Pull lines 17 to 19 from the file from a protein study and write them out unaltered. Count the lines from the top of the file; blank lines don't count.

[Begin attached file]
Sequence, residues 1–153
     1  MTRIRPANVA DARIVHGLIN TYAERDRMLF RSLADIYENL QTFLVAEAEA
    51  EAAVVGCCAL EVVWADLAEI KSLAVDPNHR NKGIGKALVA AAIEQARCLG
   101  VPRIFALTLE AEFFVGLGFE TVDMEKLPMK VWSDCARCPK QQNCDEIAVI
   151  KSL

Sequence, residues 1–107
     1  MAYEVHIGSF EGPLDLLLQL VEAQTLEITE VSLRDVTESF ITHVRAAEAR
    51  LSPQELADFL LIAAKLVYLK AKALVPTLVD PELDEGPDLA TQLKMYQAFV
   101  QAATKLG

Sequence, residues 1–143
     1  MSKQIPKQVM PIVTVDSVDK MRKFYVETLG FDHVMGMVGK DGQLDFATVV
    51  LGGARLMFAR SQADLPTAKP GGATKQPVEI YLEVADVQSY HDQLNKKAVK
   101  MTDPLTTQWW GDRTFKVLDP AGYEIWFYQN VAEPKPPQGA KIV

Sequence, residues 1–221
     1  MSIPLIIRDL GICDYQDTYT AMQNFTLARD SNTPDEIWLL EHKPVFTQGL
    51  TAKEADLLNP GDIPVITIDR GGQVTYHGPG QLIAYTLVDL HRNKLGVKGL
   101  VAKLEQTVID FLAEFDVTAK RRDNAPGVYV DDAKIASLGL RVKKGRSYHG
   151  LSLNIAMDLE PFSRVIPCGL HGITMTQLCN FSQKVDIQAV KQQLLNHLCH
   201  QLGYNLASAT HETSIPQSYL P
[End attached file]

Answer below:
   101  VAKLEQTVID FLAEFDVTAK RRDNAPGVYV DDAKIASLGL RVKKGRSYHG
   151  LSLNIAMDLE PFSRVIPCGL HGITMTQLCN FSQKVDIQAV KQQLLNHLCH
   201  QLGYNLASAT HETSIPQSYL P